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PPC Broadband, Inc. v. Times Fiber Communications, Inc.

United States District Court, N.D. New York

March 24, 2015

PPC BROADBAND, INC., d/b/a PPC, Plaintiff,

Firm DOUGLAS J. NASH, ESQ., JOHN D. COOK, ESQ., JASON C. HALPIN, ESQ., KATRHYN DALEY CORNISH, ESQ., MARK E. GALVEZ, ESQ., Hiscock, Barclay Law Syracuse Office, Syracuse, NY, For the Plaintiff


MITCHELL J. KATZ, ESQ., TERESA M. BENNETT, ESQ., Menter, Rudin Law Firm, Syracuse, NY,


GARY L. SHARPE, Chief District Judge.

I. Introduction

Plaintiff PPC Broadband, Inc., doing business as PPC, commenced this action against defendant Times Fiber Communications, Inc. for alleged infringement of one of PPC's coaxial cable connector patents, U.S. Patent No. 8, 337, 229 ("229 patent").[1] ( See generally Compl., Dkt. No. 1.) Following the parties' request for the construction of several disputed terms in the patent in suit, the court referred the matter to Magistrate Judge David E. Peebles for a Markman [2] hearing. (Dkt. Nos. 27, 37, 39, 40, 41, 42, 43, 45, 48.) In a Report and Recommendation (R&R) issued January 30, 2015, Judge Peebles recommended constructions for eight of the submitted terms, and, with respect to one remaining term, recommended that no construction was necessary. (Dkt. No. 63.) Pending are Times Fiber's objections to the R&R. (Dkt. No. 66.) Largely for the reasons articulated by Judge Peebles, and for the reasons that follow, the recommended constructions are adopted in their entirety.

II. Standard of Review

Before entering final judgment, this court reviews report and recommendation orders in cases it has referred to a magistrate judge. If a party properly objects to a specific element of the magistrate judge's findings and recommendations, this court reviews those findings and recommendations de novo. See Almonte v. N.Y. State Div. of Parole, No. Civ. 904CV484GLS, 2006 WL 149049, at *3, *5 (N.D.N.Y. Jan. 18, 2006). In those cases where no party has filed an objection, only vague or general objections are made, or a party resubmits the same papers and arguments already considered by the magistrate judge, this court reviews the findings and recommendations of the magistrate judge for clear error. See id. at *4-5.

III. Discussion

Although there were originally nine disputed terms at issue, six of which were discussed in the R&R after the parties' agreement on the construction of three previously disputed terms, Times Fiber's objections relate only to the proposed construction of three of the terms: "a connector body attached to a post"; "radial end face surface extending from the inner surface/radial end face surface extending from the inner surface portion"; and "axial direction." (Dkt. No. 66 at 8-18.) In response to Corning's objections, PPC argues that Judge Peebles' recommendations were appropriate and should be adopted by this court. (Dkt. No. 70 at 6-23.) The court will address each of the terms, and the respective recommended constructions to which Times Fiber has objected, below.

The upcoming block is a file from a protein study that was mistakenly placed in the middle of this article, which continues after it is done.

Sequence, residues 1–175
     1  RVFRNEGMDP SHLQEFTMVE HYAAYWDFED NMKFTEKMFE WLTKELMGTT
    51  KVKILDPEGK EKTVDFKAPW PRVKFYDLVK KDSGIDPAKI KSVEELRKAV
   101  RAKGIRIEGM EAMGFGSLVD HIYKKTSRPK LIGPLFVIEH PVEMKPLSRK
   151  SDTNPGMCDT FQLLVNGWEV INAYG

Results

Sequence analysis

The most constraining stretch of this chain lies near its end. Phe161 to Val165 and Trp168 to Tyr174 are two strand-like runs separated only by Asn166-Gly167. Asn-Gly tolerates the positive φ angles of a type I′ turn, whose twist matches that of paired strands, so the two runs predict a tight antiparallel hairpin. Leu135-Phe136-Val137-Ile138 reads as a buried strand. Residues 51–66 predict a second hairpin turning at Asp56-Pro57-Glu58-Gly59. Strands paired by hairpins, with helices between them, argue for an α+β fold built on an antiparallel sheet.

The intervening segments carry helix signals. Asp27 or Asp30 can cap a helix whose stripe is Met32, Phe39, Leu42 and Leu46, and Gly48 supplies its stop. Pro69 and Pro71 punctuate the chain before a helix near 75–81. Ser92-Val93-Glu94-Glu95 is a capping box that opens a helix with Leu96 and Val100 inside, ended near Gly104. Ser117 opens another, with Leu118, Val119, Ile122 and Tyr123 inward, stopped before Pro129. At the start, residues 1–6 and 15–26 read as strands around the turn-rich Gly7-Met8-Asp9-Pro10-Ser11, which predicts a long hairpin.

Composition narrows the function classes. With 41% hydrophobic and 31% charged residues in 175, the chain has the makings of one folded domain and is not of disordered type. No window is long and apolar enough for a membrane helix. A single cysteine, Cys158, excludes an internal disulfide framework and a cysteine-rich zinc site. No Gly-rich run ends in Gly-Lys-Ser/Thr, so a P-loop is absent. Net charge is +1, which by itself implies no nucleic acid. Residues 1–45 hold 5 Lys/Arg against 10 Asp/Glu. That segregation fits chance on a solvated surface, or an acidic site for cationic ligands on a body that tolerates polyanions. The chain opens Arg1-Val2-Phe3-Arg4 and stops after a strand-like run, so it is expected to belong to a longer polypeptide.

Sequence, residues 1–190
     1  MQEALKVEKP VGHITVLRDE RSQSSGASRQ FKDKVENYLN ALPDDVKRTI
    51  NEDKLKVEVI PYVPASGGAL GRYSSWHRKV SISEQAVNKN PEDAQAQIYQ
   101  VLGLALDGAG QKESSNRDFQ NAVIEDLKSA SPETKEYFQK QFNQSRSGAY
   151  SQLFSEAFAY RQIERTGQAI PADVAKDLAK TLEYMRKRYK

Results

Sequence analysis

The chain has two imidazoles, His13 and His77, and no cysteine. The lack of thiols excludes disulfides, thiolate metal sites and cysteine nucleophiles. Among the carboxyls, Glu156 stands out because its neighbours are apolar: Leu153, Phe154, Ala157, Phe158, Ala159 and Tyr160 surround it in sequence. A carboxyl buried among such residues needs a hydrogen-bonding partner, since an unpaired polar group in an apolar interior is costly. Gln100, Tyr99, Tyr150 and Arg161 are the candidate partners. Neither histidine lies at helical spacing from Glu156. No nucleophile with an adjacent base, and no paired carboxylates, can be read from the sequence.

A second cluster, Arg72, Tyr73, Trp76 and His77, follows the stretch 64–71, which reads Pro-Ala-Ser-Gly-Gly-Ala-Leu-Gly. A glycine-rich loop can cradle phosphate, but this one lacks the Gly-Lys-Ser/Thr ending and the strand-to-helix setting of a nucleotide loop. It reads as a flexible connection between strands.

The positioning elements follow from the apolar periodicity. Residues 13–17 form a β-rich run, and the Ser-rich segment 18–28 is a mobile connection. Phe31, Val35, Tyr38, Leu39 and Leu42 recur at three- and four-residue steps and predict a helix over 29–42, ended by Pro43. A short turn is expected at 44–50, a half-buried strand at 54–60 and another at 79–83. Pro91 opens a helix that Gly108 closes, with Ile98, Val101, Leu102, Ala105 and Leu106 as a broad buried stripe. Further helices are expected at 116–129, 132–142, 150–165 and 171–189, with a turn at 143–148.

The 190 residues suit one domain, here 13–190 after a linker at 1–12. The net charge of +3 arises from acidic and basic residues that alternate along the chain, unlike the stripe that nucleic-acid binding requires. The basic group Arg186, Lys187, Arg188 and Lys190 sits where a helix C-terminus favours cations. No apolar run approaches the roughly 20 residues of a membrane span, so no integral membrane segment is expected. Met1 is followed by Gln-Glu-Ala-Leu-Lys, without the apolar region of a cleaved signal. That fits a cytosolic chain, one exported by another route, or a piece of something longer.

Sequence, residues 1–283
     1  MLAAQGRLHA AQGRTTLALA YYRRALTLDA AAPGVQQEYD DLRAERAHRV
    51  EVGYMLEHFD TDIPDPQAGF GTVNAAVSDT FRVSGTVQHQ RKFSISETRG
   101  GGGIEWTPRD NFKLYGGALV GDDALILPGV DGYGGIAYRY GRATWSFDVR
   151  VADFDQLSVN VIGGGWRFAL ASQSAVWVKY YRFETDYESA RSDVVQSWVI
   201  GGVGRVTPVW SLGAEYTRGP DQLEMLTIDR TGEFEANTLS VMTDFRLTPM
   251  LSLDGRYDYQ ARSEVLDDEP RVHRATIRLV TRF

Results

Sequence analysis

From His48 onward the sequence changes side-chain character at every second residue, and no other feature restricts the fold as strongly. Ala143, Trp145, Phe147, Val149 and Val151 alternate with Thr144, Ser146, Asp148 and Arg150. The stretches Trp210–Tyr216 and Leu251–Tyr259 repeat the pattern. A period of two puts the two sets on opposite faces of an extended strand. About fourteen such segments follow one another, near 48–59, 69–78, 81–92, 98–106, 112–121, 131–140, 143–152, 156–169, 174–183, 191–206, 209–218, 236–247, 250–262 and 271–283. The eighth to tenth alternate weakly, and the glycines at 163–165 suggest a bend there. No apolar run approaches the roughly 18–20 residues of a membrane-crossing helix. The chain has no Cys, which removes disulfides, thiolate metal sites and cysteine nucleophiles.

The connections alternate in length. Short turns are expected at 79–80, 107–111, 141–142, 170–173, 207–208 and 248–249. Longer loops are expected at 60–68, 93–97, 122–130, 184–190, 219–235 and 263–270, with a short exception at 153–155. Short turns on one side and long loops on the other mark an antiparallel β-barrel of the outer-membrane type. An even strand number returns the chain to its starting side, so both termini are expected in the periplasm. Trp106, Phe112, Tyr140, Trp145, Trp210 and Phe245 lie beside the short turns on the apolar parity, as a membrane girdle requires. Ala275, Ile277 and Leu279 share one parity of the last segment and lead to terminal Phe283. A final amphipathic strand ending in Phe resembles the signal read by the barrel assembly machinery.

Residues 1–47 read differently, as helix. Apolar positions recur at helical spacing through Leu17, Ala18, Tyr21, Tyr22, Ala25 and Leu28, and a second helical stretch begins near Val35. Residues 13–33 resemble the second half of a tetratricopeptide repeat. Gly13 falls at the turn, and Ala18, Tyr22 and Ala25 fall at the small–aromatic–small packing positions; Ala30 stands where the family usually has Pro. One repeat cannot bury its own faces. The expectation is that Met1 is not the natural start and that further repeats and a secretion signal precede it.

A. A Connector Body Attached to a Post

Judge Peebles recommended that the term "a connector body attached to a post" be construed as "a post and connector body, which are separate components, of the connector ( i.e. they are not a single integral component), that are interlocked with one another to prevent axial movement of one relative to the other." (Dkt. No. 63 at 14-20, 37.) Times Fiber's proposed construction would have defined this term as "a body portion of the connector that is either integrally or separately attached to a post of the connector, " and thus would allow for the connector body and the post to be either a single unitary component or two separate components that become attached. (Dkt. No. 37 at 18-19.) Therefore, Times Fiber specifically objects to the recommended construction, primarily arguing that the ordinary meaning of the phrase "a connector body attached to a post" encompasses both an integral and a separate attachment, and that the recommended construction excludes one of the embodiments of the claim that is contained in the patent specification. (Dkt. No. 66 at 8-10.) The court has thus reviewed this recommendation de novo.

When faced with "an actual dispute regarding the proper scope" of a patent claim, the court must construe the allegedly infringed claim to determine its meaning and scope. O2 Micro Int'l Ltd. v. Beyond Innovation Tech. Co., Ltd., 521 F.3d 1351, 1360 (Fed. Cir. 2008). In so doing, the court is cognizant that unless the patentee "acts as his own lexicographer" or "disavows the full scope of a claim term either in the specification or during prosecution, " the words of a claim are "given their plain and ordinary meaning [as understood by] one of skill in the art." See Thorner v. Sony Computer Entm't Am. LLC, 669 F.3d 1362, 1365-67 (Fed. Cir. 2012). When "the meaning of a claim term as understood by persons of skill in the art is not readily apparent, " the court must construe the disputed claim terms in order to resolve such disputes. O2 Micro, 521 F.3d at 1360.

Generally, a court's construction should not construe a term in a way that would exclude an embodiment disclosed in the patent specification. See Oatey Co. v. IPS Corp., 514 F.3d 1271, 1276-77 (Fed. Cir. 2008). However, when a particular embodiment is encompassed not by the patent claims in which the disputed term appears, but instead is encompassed by other patent claims that are not at issue, a court's construction of the disputed term may exclude an embodiment that is disclosed in the patent specification. See Helmsderfer v. Bobrick Washroom Equip., Inc., 527 F.3d 1379, 1383 (Fed. Cir. ...

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